Mar 302015

The phrase “Female Director” kind of pisses me off. I know how naïve that makes me. I don’t know how Hollywood works except from what I’ve read, but I do know there’s nothing inherently masculine about the title of Director. I know that every last director I worked with through school, save two, were women. The academic world rarely resembles the real world, of course. It can take generations for the ways of the ivory tower to trickle down into the mainstream.

That’s why, when Ronald D. Moore says that he insisted that the director of The Wedding be a woman, I have to put my initial gut reaction aside and applaud. What I would have given to hear him say something more like, “I wanted the best-qualified director available for this assignment, and the best-qualified director was Anna Forrester.” She was, after all, given the evidence of the spectacular work that made it to screen. Any way you look at it—the performances, the cinematography, the costumes, the lighting, the editing—I just can’t imagine anyone having done a better job.

From L to R: Caitriona Balfe (Claire Fraser), Sam Heughan (Jamie Fraser), Tobias Menzies (Jack/Frank Randall), Ronald D. Moore, and Diana Gabaldon at PaleyFest March 12, 2015

We’re not to the point that Moore could have said what I’d wanted to hear him say, however, any more than we can pretend pay equity exists or that we live in a post-feminist era. Until we reach a time in which a term like “female gaze” is not only irrelevant but absurd, entertainment will need Moore-like strategy to tell stories authentically. It is, and it will continue to be vitally important that leadership choices are made, conscientiously regarding gender (not to mention race, religion, economic history, sexual identity and orientation, etc.) as a vital component of the eventual script, episode, film, or a franchise. May we one day get to a point that Kathryn Bigelow directing The Hurt Locker or Zero Dark Thirty is just as unremarkable as Rob Reiner directing a so-called chick-flick.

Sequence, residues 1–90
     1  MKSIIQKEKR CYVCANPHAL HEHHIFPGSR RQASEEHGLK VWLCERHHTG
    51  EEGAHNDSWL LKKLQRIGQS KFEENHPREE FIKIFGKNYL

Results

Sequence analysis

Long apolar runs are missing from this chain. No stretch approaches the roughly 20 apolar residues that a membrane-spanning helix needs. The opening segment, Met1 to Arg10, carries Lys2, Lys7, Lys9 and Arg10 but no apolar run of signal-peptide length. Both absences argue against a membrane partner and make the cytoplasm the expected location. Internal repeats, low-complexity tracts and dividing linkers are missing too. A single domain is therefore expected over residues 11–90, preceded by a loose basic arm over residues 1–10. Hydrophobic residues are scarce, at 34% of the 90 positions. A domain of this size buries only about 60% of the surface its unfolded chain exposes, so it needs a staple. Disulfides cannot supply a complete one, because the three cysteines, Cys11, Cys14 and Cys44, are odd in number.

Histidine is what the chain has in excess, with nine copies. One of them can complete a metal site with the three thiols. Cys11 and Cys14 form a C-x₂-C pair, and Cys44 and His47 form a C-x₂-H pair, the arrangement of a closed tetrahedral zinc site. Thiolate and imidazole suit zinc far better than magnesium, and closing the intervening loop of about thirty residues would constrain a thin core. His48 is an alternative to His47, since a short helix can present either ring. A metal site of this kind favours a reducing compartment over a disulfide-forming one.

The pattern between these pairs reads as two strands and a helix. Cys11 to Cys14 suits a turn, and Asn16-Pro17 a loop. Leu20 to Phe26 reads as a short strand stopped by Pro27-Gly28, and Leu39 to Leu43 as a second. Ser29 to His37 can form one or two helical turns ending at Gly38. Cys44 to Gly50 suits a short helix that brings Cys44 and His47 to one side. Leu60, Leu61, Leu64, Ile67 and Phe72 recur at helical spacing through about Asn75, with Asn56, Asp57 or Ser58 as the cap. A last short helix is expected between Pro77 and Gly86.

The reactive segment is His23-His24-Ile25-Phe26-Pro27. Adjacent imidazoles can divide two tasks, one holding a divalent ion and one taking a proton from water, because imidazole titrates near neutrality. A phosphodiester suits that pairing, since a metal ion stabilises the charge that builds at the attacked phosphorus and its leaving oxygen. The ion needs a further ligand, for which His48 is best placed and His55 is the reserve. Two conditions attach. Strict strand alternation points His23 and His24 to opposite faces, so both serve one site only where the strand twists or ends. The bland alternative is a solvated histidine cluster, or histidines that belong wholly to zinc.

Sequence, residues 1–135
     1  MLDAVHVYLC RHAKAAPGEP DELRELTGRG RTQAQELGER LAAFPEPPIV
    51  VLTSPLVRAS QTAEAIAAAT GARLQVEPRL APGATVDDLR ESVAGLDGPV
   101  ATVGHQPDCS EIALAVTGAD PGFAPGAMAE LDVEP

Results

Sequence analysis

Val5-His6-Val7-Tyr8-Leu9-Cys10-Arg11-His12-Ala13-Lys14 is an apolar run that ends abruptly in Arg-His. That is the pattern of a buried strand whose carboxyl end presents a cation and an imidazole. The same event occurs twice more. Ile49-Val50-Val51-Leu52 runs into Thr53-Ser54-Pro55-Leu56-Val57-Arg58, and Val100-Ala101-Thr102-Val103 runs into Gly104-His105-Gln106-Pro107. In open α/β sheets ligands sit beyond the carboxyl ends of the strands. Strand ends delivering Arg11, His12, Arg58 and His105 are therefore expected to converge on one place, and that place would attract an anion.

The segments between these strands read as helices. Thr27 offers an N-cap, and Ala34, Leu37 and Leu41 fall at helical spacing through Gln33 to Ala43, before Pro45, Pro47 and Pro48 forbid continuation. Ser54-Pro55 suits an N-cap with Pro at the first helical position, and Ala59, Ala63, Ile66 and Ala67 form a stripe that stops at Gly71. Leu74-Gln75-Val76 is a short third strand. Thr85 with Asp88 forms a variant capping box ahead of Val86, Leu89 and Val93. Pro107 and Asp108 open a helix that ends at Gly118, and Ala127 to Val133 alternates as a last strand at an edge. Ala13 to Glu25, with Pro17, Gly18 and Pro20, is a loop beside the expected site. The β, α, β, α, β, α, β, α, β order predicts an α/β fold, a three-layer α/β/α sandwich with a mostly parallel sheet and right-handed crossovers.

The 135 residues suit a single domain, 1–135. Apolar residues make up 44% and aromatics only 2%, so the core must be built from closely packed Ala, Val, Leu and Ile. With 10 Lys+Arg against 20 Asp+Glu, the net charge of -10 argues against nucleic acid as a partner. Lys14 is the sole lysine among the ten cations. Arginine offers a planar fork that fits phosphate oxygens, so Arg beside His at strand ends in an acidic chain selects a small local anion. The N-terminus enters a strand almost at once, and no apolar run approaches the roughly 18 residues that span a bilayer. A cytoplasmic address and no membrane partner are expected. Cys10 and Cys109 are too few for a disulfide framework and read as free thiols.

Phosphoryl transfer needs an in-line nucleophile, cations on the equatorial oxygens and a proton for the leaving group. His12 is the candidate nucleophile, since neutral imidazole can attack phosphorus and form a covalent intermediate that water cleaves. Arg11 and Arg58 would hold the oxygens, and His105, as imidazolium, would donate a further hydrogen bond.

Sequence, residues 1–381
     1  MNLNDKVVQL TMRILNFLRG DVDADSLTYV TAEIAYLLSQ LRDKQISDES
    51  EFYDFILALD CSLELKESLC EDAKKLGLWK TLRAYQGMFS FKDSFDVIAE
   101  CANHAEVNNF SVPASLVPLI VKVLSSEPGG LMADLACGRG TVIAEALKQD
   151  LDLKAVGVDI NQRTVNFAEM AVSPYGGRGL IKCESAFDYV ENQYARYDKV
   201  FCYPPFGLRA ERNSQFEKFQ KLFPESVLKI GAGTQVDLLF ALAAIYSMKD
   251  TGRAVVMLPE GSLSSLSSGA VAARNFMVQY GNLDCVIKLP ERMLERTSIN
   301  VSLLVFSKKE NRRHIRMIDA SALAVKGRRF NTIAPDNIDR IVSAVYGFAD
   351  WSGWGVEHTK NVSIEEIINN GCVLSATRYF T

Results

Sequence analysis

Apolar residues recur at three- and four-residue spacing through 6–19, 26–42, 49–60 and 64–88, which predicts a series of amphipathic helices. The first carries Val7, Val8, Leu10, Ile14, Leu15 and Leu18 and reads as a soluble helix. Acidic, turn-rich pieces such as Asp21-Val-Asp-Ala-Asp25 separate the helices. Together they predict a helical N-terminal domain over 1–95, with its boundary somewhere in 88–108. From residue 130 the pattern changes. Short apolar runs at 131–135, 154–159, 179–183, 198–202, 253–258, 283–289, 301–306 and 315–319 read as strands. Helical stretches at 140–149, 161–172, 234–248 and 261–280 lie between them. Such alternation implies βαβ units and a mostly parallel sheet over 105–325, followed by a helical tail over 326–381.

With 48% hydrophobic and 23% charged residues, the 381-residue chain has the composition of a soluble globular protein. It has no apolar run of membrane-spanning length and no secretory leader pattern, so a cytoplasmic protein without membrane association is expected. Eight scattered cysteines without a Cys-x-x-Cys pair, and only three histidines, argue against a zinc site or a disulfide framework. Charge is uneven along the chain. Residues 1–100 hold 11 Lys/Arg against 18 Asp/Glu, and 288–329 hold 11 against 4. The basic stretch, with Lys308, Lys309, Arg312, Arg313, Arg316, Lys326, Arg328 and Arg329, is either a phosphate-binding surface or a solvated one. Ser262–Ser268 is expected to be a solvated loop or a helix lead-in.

Someday, including a detail like Frank calling his wife “Mrs. Frank Randall” and Jamie calling her “Claire Fraser” will seem as obnoxious as something from the mouth of Archie Bunker. That time hasn’t arrived, yet. Without extensive polling, I highly doubt that many male viewers picked up on the nuance. I’m willing to bet that most women did.

The way that Frank and Claire’s wedding is handled in the show puts the union on a different plane than in the novel. This civil ceremony won’t be recognized by the Catholic church. This is no small change.

Frank sprang a civil ceremony on Claire without prelude (a diversion from the novel picked to pieces by hundreds of my blogging, critiquing predecessors), whereas Jamie insisted upon a proper wedding replete with ring, gown, kirk, priest, and blood vow. Someday, this will seem like cliché and hackneyed writing. For now, it is daring and highly relevant. I venture that most men watching didn’t feel the weight of this with nearly as much gravity as the female viewers.

Each of these examples are as much a credit to Forrester as they are to episode writer Anne Kenney, whose background and talent I expounded upon in my review of The Way Out. Faced once again with multiple story lines to cobble into an hour, the jarring non-linear chronology of the episode is another stroke of brilliance. Leading off with the flashback and smash-cutting to Claire and Jamie’s first kiss does two things. It puts the audience just as off-kilter as our protagonists, primarily. It also indicate’s Frank’s presence in Claire’s mind during her wedding to Jamie without being overbearing. Besides, it lets us see the first kiss twice, once from each participant’s perspective.